In this show, I play a ghost. My name is Glitch, but to everyone in-world (a haunted summer camp), I am a question mark. I have no face and no name. I drift through walls. In one room, there is only one person. I watch their face for a long time while they try to communicate with me through Zoom chat, Zoom being where we are.
“Who are you?” they write.
“What do you need?” “Are you a ghost?”
I find myself fixed on their face. It’s 2020, a year in which I co-wrote and produced a queer apocalyptic cabaret that will never be funny again because of the actual apocalypse. It’s Pride Weekend, when I would normally be touching so many strangers, dancing body to body, maybe kissing some, but this is what I have, the closest I’ve been to a stranger in months. I am Not Here. They can’t see me. I can’t touch them. I am a ghost. I want to cry, but this is their show after all.
“Boo!!” I type. I disappear into the next Zoom breakout room. Often, I don’t chat. I listen to people talk. One time, an audience member says to her partner, “Look! Ghost!” Before the partner can see me, I’m gone, laughing. Ghosts have to leave a measure of doubt. Audience members who have seen me blame Glitch the Ghost for all kinds of things – wifi trouble, actors freezing, break-out room mishaps. If something goes wrong during the show, they smile. I experience what it is to be a ghost: no one can hear me or feel me unless I make a ruckus or unless they’re listening. My presence is smaller, but in their perception, I can be in many places at once.
Immersive horror theater has huge potential in a global pandemic that requires us to be physically separate while at the same time giving us more and more tools for connection. I want to highlight some theater companies that are doing this work, which is simultaneously ancient and barely embryonic, and imagine it as a practice run for storytelling in What Comes Next: climate apocalypse, zombie apocalypse, our increasing consensual digitization. I want to consider immersive virtual horror theater in the tradition of what horror does best: as utopic, slicing a perfect piece of the Worst as a way to glimpse its opposite; as trauma therapy for all those of us who live in a horrifying world; and/or as genre, and therefore as Carmen Maria Machado wrote, quoting Kelly Link, “promising pleasure.” I want to do all that, while imagining a short play, this one, in which I am a ghost, and you might be one too. Most of us have been a ghost to someone. We circle around places, like this one, where the ghost light is still on.
But first, definitions and examples. Immersive theater is theater where there is no stage, and the audience is immersed in the world of the show. A classic and early example is Punchdrunk’s reimagining of Macbeth, Sleep No More, in which audience put on a mask and wander for hours in a warehouse block in Chelsea, following actors, exploring the world of the set. When I went, I found myself alone in what looked like an 18th century operating theater. I stretched out on the table and scared myself silly. Immersive theater exists on a spectrum. Breaking the fourth wall, the imaginary wall between actors and audience, or even drawing attention to it, is a form of immersion. The dial is closeness.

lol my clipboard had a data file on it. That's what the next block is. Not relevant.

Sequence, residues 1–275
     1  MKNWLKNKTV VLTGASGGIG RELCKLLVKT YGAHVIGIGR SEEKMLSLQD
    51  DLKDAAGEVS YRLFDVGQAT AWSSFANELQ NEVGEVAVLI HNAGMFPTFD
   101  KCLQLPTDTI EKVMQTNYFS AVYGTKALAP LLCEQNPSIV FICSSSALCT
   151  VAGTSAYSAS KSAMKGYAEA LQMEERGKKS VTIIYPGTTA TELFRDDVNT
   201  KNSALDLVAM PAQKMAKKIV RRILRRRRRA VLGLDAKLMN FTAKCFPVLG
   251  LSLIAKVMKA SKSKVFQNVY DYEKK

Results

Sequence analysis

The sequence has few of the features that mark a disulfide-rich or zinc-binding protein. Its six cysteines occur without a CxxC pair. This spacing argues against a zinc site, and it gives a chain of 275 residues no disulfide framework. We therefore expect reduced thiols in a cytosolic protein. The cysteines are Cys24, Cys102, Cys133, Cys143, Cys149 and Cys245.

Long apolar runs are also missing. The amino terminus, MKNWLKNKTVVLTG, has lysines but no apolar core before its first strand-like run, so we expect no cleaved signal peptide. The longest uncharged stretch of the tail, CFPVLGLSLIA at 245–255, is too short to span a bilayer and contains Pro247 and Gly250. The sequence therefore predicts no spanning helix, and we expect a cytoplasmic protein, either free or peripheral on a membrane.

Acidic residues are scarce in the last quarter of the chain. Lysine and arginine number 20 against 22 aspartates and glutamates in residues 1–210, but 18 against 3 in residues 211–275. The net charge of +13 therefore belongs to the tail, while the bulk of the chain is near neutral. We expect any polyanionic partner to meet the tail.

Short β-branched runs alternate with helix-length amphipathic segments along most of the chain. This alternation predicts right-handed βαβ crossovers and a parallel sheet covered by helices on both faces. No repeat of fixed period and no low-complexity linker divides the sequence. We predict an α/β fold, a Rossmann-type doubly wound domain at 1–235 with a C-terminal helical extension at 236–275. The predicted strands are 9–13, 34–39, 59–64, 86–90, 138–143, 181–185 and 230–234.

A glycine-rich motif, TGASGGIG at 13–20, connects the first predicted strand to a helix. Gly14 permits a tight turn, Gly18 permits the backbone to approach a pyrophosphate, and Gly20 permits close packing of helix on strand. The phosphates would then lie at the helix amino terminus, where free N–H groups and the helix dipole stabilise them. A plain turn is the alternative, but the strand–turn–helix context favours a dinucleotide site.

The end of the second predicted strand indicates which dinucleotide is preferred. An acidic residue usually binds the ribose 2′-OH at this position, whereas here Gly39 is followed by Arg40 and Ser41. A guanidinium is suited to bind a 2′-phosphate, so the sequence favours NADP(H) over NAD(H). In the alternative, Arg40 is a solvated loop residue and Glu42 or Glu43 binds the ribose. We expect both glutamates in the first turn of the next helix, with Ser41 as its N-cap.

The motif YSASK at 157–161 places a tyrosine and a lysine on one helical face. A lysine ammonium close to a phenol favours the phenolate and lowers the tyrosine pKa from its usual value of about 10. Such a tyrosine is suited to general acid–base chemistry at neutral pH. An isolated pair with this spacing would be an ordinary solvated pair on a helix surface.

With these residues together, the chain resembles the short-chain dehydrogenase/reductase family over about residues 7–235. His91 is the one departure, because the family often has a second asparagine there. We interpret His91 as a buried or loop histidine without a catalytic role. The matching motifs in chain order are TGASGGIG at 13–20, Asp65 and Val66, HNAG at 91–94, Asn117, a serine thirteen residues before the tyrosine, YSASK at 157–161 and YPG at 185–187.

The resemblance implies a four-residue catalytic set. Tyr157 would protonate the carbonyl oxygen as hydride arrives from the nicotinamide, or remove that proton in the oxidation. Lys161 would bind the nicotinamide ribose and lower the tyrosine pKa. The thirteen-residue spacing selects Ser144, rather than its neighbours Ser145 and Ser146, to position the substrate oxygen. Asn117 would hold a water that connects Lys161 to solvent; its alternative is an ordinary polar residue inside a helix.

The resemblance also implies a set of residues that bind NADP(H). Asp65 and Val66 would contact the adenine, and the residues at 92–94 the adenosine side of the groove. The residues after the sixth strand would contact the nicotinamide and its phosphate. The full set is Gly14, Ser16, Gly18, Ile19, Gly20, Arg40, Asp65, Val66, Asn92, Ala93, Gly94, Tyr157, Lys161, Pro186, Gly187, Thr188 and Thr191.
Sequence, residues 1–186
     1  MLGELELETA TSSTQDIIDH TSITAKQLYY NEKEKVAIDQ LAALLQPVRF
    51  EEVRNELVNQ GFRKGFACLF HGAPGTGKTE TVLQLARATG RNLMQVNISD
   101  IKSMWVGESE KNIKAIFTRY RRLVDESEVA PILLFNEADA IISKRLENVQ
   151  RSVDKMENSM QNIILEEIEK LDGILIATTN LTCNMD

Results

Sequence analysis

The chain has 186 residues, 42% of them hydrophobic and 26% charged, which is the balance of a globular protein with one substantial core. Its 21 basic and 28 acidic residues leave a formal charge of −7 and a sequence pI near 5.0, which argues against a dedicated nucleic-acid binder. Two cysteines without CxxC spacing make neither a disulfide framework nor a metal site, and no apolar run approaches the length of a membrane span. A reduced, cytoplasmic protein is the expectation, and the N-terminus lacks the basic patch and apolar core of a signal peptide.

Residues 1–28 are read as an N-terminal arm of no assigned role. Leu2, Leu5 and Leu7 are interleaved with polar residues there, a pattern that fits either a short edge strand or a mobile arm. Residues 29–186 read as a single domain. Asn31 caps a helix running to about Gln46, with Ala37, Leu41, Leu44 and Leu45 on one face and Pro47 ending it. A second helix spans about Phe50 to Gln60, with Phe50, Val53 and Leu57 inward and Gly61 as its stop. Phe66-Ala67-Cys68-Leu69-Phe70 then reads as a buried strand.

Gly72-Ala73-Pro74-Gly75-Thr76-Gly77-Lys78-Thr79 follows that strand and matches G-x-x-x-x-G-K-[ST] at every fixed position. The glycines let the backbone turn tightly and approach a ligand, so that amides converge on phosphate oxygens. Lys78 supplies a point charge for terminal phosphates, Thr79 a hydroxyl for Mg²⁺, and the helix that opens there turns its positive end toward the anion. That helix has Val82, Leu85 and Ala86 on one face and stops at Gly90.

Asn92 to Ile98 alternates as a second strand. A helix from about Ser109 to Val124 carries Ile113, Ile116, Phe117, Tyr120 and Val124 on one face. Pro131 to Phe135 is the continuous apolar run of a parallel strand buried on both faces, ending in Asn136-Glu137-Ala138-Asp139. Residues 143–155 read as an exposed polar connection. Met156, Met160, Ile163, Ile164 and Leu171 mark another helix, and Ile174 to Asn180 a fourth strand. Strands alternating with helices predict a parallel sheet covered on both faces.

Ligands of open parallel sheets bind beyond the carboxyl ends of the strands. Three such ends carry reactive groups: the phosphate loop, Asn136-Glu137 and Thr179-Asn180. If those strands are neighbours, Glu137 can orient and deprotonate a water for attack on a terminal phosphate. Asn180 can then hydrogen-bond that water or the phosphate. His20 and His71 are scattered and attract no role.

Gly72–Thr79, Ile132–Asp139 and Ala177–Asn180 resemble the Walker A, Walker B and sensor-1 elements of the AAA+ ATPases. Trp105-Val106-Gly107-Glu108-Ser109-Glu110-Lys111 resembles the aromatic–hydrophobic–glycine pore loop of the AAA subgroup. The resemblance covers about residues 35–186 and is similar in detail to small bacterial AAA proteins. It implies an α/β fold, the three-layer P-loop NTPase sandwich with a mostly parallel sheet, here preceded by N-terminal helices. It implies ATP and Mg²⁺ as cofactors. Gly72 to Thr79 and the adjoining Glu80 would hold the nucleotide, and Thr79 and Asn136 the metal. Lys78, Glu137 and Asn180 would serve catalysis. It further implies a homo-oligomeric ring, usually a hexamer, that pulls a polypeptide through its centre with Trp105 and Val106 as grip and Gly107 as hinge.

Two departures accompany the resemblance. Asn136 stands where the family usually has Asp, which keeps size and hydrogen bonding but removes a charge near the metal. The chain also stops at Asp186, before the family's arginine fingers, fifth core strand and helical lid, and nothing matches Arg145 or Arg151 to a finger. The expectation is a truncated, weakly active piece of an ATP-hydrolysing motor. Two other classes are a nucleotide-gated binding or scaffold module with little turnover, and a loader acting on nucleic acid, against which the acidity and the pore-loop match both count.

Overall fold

On a different axis is interactive theater. Interactive theater is theater that lets you participate in the outcome of the show. The dial is agency. One example was Marie Antoinette, a late 1990s French interactive production depicting her trial, in which the audience was allowed to vote on her fate: execution, exile, or acquittal. When I saw it, the theater company had introduced a double ending because they couldn’t get the audience to not vote for beheading. The guillotine was on the stage. We were in the country that gave us the Grand Guignol. Something old and scary and deep happens when you get a group of people together and play out a sacrifice. When the blade came down, no one breathed.
Of course it was only a matter of time before immersive theater found its way to horror. Delusion immerses the audience in a 1970s Hammer horror world. Peaches Christ’s Haunted House at the SF Mint is a classic, and Josh Randall and Kristjan Thor’s 2009 Blackout comes complete with a waiver for psychological torture ranging from strobe lights to people yelling at you to the staging of your own greatest fears. Blackout generated its own documentary, in which audience members describe going in for that treatment repeatedly.